In the second half of the last century, the teaching of English literature was very much influenced and, in some places, entirely dominated by the ideas of F. R. Leavis. What was it like to be taught by this iconic figure? How and why did one become a Leavisite? In this unique book, part memoir, part study of Leavis, David Ellis takes himself as representative of that pool of lower middle class grammar school pupils from which Leavisites were largely recruited, and explores the beliefs of both the Leavises, their lasting impact on him and why ultimately they were doomed to failure. At the heart of this book are questions about what English should and can be that are by no means finally settled.
An insider's account of being taught by F. R. and Q. D. Leavis at Downing College, Cambridge Explores the influence of Leavis on the discipline of English Literature in the latter half of the twentieth century through the authors personal experience as a distinguished scholar in the field in his own right. Examines the reasons why the Leavisite project failed and explores the tensions in academia that remain to this day.
A beautifully written, engaging and informative work ... It gives vivid and witty accounts of both F.R. and Q.D. Leavis’s fraught and often fractious relationships with colleagues and contemporaries, but the tone is never malicious or one-sided. Above all, it is a book about the role that literature might play in a life.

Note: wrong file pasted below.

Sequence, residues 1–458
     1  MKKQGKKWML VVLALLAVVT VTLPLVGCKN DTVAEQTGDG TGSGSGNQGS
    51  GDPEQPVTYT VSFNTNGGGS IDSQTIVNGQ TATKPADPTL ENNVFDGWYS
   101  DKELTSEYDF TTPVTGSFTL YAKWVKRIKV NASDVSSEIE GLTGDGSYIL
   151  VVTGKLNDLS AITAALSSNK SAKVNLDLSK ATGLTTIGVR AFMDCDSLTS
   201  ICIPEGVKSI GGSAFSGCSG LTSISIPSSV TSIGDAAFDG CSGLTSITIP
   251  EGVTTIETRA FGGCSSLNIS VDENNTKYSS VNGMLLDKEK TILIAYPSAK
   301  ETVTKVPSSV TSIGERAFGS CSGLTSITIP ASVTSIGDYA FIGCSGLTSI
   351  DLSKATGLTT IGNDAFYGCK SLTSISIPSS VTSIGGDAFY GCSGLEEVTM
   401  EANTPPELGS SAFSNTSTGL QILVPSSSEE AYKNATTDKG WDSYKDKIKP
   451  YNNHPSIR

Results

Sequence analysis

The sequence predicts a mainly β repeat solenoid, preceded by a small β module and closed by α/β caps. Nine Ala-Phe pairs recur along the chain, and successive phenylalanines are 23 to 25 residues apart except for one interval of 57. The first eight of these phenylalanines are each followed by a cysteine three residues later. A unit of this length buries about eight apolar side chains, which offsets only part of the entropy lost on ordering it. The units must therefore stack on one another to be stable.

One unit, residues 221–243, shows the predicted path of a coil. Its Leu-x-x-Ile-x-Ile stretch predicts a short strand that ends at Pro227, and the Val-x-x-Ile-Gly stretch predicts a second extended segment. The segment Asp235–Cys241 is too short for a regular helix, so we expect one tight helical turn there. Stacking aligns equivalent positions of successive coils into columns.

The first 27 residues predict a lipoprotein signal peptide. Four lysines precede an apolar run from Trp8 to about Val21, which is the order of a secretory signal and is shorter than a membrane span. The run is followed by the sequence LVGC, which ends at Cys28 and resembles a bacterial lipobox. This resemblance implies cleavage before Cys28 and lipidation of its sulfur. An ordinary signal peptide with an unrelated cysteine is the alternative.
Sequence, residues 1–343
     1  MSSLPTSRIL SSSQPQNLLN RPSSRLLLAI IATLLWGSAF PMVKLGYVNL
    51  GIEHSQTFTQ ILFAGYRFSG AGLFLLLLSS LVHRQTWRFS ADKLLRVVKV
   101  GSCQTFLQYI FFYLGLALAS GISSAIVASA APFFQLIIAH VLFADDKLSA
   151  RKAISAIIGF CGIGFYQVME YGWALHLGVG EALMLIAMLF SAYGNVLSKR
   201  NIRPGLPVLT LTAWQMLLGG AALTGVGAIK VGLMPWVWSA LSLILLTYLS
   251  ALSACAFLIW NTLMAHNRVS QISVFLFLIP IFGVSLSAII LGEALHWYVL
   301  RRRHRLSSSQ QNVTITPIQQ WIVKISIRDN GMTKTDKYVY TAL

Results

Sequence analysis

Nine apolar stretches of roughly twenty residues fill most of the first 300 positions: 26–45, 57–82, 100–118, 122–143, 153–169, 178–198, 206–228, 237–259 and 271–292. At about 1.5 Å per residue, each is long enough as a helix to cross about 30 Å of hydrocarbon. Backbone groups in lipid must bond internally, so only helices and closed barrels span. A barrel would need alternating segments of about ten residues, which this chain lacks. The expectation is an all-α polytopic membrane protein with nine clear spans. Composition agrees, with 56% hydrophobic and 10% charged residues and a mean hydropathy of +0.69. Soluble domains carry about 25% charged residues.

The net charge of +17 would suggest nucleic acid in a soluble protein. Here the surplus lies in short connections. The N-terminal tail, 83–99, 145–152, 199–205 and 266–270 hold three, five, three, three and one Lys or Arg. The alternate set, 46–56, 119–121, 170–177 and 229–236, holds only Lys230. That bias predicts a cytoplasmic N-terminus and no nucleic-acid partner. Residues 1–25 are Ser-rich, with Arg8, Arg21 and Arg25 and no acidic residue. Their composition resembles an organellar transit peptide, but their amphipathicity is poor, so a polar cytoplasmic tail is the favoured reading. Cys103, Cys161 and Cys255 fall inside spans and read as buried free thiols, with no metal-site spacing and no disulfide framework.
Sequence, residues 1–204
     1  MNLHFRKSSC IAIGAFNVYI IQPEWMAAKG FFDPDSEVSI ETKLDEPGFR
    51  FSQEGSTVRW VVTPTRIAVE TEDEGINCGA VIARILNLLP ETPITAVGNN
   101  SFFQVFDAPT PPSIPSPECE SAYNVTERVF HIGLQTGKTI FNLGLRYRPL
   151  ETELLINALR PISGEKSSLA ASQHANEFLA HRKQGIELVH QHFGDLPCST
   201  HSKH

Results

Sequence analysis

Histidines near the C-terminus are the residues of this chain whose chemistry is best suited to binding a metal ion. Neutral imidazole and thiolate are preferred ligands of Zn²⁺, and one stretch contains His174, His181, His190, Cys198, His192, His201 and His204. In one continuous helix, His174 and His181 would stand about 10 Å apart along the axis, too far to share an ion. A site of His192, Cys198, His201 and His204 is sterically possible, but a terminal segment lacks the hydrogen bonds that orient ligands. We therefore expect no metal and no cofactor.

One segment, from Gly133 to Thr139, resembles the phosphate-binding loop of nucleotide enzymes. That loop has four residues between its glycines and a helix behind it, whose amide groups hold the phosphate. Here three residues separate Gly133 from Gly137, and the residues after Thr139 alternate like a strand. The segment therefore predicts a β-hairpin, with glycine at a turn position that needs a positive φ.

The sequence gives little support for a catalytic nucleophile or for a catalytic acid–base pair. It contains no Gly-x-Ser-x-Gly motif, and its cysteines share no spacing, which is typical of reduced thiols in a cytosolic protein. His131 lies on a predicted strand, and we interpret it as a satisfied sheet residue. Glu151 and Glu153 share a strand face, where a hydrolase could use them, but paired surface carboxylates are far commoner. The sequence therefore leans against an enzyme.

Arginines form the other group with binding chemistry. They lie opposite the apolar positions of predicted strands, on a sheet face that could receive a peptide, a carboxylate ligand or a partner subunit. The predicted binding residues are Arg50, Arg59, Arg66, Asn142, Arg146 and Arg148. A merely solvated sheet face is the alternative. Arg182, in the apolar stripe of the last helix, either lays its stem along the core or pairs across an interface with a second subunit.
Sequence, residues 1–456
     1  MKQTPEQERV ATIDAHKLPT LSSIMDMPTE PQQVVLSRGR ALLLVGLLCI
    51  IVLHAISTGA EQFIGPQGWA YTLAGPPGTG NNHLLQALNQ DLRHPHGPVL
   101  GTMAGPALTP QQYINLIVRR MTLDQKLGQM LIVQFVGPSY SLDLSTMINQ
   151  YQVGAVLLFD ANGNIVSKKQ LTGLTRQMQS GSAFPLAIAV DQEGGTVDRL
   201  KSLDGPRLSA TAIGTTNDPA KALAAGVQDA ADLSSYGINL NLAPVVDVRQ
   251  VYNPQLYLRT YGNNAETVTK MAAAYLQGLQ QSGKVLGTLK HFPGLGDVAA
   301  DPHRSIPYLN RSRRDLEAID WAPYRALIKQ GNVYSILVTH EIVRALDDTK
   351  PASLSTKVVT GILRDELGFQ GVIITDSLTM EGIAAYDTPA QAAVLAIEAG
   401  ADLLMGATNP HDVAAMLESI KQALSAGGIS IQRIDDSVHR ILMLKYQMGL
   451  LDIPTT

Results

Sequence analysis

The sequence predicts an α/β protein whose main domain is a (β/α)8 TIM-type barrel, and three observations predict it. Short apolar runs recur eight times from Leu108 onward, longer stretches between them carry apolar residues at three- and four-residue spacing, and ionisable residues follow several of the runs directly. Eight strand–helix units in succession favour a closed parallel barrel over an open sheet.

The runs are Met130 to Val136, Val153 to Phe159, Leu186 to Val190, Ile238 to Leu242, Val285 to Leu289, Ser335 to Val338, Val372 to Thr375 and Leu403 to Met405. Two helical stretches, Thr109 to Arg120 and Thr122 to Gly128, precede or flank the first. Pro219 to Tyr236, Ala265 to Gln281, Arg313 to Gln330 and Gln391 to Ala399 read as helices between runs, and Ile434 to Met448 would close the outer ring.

[A] wise, patient and delightful book.
A memoir of beautifully evoked ghosts.
Times Higher Education
I also enjoyed David Ellis's Memoirs of a Leavisite (Liverpool University Press), an autobiography that, while providing first-hand evidence of Leavis's influence on university English departments the world over, distinguishes itself from many a work by Leavisite hands by its note of self-deprecation.
D. J. Taylor, Times Literary Supplement 'Books of the Year 2013'
Times Literary Supplement 'Books of the Year 2013'
I loved two works of non-fiction that could have been written just for me - Alwyn W Turner's A Classless Society and David Ellis's Memoirs of a Leavisite.
Leo Robson, The New Statesman, 'Books of the Year 2013'
The New Statesman, 'Books of the Year 2013'
David Ellis's final affirmation that the approach that Leavis advocated still provides the best insurance that he has come across against "the tendency of institutions to churn on regardless, quite cut off from any initial social aim or utility" resonates in the mind after one has closed this brief, tactful and deceptively quiet book.
Times Literary Supplement
Recommended. Upper-division undergraduates, faculty, general readers.
Choice, Vol. 51. No. 07
A personal memoir cannot pretend to be an easy introduction to the study of literature; yet the modest frankness with which he shows his colours, with no attempt to disguise personal preferences and standards (rather too cheerful to be strictly “Leavisian”), makes this “confession” a richly rewarding joy to read.
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